Of Makerspaces and Math

Jeff Powell
5 min readApr 8


Greetings everyone!

I see I have a few new subscribers here on Medium. Thank you, and welcome! You’ve jumped into the middle of something, and there is generally no going back to explain things. You can always read past entries, but here’s a very quick summary:

I’m an American who moved to Canada a bit over five years ago. I studied art for the first three years, and have since become a Canadian citizen and homeowner. These posts track my life at some level, and the primary audience was originally my friends back in California, but it has grown and shifted over time. While I was in school I wrote about my art and classes, then I focused on home renovation. In the latest twist, for the past few weeks I’ve had a full time job that I didn’t expect, so the topics covered here have shifted yet again and now I discuss work, among other things.

Anyway, on with the show.

My usual lament remains: I worked a lot last week. The job at the Langara Makerspace continues unabated, and shows no signs of ending. The students are finishing up their projects though, and fewer appear each day as a result. In another week or two the term will end (exactly when depends on how the various instructors make up for snow days and the long weekend we’re in the middle of right now) and then I get to do other things.

First on my list is to completely rework the ventilation for the laser cutter. I’m going to replace multiple metres of flexible vent hose with rigid duct, which should greatly improve the effectiveness of the exhaust fan in that machine. I will share pictures of that, I promise.

After that, I really don’t know. There are things that Philip (the instructor in charge of the Makerspace) wants reorganized, and there is a CNC milling machine to figure out. If the job goes on long enough, I will also have to remember how to use the CNC machines we used in my Advanced Design class, as they will be in use during the fall term.

I hope the job doesn’t go on that long, though. I really don’t need or want a full time job, and there are others who do. Only time will tell how that gets sorted out. All I can do for the moment is hang on and keep working. The only other possible action is quitting, which would put Philip — a friend — into a very bad place. I can’t do that to him, so I work. My destiny is not currently my own.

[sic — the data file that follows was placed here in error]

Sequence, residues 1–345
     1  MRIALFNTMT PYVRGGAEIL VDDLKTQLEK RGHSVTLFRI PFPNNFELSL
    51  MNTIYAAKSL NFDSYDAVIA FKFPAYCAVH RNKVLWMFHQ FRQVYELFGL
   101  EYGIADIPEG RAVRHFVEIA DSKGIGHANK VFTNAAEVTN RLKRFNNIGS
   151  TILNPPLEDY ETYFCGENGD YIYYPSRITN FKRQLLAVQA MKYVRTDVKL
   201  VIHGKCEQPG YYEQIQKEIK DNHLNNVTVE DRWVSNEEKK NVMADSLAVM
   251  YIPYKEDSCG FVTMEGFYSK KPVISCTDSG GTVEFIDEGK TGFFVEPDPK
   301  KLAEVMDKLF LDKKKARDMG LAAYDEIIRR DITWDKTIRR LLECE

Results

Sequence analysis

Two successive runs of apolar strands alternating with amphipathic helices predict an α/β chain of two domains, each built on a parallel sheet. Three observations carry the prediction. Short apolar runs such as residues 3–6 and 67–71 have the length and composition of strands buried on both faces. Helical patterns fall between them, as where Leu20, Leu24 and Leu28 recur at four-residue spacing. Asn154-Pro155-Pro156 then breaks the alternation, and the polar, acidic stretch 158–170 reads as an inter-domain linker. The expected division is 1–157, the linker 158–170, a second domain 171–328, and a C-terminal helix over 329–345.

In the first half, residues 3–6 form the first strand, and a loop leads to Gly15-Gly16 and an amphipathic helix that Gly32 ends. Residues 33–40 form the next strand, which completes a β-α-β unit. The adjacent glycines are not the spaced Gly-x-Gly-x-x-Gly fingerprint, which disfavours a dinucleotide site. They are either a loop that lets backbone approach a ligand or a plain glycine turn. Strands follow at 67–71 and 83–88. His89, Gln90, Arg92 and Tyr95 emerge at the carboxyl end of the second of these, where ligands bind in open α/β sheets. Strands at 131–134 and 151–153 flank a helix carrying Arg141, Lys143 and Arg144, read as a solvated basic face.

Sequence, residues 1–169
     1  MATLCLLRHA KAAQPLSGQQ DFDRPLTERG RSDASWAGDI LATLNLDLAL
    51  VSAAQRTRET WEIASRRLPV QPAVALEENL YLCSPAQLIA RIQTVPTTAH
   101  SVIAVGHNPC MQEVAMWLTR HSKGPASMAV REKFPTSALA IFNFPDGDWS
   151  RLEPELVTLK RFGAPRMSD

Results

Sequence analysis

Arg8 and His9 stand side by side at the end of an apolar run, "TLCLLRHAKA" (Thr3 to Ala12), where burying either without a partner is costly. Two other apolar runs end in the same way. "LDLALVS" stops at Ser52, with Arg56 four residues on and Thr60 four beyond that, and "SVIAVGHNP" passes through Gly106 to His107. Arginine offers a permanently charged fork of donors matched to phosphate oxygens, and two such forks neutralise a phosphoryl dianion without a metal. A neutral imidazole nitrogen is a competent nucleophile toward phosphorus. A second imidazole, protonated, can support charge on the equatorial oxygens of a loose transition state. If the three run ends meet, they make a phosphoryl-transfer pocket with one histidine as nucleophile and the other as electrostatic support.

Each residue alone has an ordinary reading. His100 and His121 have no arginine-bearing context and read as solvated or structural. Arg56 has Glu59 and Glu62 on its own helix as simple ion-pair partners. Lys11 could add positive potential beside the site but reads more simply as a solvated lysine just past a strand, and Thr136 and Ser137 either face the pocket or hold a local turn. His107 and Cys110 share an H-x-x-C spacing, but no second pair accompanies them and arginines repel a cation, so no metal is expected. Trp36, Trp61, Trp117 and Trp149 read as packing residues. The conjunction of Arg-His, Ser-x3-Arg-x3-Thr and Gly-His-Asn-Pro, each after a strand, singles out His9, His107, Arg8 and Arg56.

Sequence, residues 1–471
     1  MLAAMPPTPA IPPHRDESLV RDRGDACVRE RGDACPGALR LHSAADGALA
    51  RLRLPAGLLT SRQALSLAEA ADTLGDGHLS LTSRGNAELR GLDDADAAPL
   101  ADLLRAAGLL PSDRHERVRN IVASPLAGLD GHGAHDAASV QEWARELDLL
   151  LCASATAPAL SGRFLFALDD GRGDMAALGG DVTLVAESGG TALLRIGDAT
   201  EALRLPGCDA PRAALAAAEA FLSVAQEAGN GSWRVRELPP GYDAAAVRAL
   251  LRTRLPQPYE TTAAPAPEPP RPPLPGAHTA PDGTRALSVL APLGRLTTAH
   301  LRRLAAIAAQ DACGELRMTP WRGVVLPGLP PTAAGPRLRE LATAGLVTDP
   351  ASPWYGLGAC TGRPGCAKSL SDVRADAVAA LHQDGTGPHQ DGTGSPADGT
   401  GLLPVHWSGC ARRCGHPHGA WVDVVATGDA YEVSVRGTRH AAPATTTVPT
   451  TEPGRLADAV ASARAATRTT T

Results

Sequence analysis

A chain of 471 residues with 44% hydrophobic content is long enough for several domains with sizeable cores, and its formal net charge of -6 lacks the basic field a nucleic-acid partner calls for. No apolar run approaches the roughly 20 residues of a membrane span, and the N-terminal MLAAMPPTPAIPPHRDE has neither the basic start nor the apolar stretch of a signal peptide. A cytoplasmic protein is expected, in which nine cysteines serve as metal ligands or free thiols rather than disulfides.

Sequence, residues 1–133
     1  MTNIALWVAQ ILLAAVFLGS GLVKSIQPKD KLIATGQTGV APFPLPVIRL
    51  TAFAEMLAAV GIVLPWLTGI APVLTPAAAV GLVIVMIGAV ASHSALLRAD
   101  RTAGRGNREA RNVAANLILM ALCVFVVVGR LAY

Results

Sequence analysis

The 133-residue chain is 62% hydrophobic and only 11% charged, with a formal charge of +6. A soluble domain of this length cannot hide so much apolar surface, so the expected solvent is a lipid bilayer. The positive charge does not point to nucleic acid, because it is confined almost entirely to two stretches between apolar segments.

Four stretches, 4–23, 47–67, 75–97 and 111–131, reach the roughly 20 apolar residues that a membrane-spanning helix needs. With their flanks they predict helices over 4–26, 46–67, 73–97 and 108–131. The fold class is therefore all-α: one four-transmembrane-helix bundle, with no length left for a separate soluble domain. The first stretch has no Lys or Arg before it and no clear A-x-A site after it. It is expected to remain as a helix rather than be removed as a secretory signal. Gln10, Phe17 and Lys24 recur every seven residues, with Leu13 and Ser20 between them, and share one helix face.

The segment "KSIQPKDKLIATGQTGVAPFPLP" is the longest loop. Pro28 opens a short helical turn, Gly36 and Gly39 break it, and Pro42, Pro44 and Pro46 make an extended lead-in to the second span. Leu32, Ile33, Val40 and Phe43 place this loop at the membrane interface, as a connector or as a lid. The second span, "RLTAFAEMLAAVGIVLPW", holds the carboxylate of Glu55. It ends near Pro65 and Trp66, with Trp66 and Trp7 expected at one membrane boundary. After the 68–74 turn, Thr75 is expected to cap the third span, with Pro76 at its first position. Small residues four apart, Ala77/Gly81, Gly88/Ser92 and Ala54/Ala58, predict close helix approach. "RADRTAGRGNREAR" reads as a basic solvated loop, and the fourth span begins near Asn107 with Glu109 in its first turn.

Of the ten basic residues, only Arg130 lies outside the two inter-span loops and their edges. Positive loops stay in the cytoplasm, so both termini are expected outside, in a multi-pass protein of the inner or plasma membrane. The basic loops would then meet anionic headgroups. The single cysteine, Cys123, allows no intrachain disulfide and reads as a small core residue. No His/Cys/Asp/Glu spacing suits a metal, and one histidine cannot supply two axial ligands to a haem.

Allow me to share a work story. One afternoon a student approached me to ask for help. Using the laser cutter she had previously cut some circles from something. Now she needed to know how big around they were.

“Oh,” I said, “You need the circumference. That’s 2πr, or πd.”

She looked at me, and her eyes got really big. “Math” she said in a very quiet, and quite possibly distressed voice.

“Well, yeah. There’s really no other way to do it. We just measure the diameter of your circles and multiply by 3.14. That’ll be close enough. It’s easy.”

She looked at me again, and it was pretty clear she was experiencing flashbacks to a high school math class, which were perhaps aggravating some underlying PTSD.

“It’s really not that hard.” I grabbed a piece of paper, drew a circle on it, and showed her the calculation. “So we just measure the diameter of your circles and do the math.” I finished.

This was not going well for her though, and she decided it was time to leave. As she made her way out of the Makerspace I said “It’s really not that hard. It’s not like I’m trying to teach you physics.”

“I’d run away if you tried that.” I heard as she turned the corner into the hallway and fled.

I don’t think I’ve seen her since, and I have no clue if she’s finished her project.

I haven’t done much else. One evening I attended a board meeting of the community association, and I attempt to keep up with the overhead of life when I can. Laundry is in process as I type this. Very exciting, I know. I’d hoped to have a new piece of art ready for this post, but it isn’t done yet. Actually it’s barely started. I’ve done some research, but not the actual creation. Maybe next week. Sorry to keep putting that off.

The only other thing of interest was that the power company (called BC Hydro, or just “hydro” by the locals, as in “Did you pay the hydro bill?”) replaced the utility pole in front of our home. I was working so I missed all the fun, but apparently it was several hours of work, and our house and a neighbour’s were without power during the event. We were back online shortly after noon, but the neighbours had a problem. Their wires had worn through the insulation where they entered the house, and it was lucky there’d been no fire. Hydro would not restore their power until the issue was resolved, and that required an emergency electrician to come out and get things fixed up. I think their power was back on around 9 pm.

As is usual in these cases, the power company replaced the pole and reattached the power lines to it, but they didn’t touch the communications lines lower down. Instead they shortened the old pole — leaving enough to carry the communications lines at the proper height — and then attached the old pole to the new one. Someday a contractor will remove the old pole completely, after moving all of the phone/cable/fiber optic lines and hardware to the new pole. My bet is that doesn’t happen for at least five years, but who knows.

In any case, I wish I’d been home to see this work done. I’m sure the equipment was interesting, and the process was probably fascinating.

That’s it for this time. I had an additional section here based on all the awful news from America, but I deleted it. It was just too depressing. You can thank me later.

In any case, I hope you are doing well. Keep safe and sane.



Jeff Powell

Sculptor/Artist. Former programmer. Former volunteer firefighter. Former fencer. Weirdest resume on the planet, I suspect.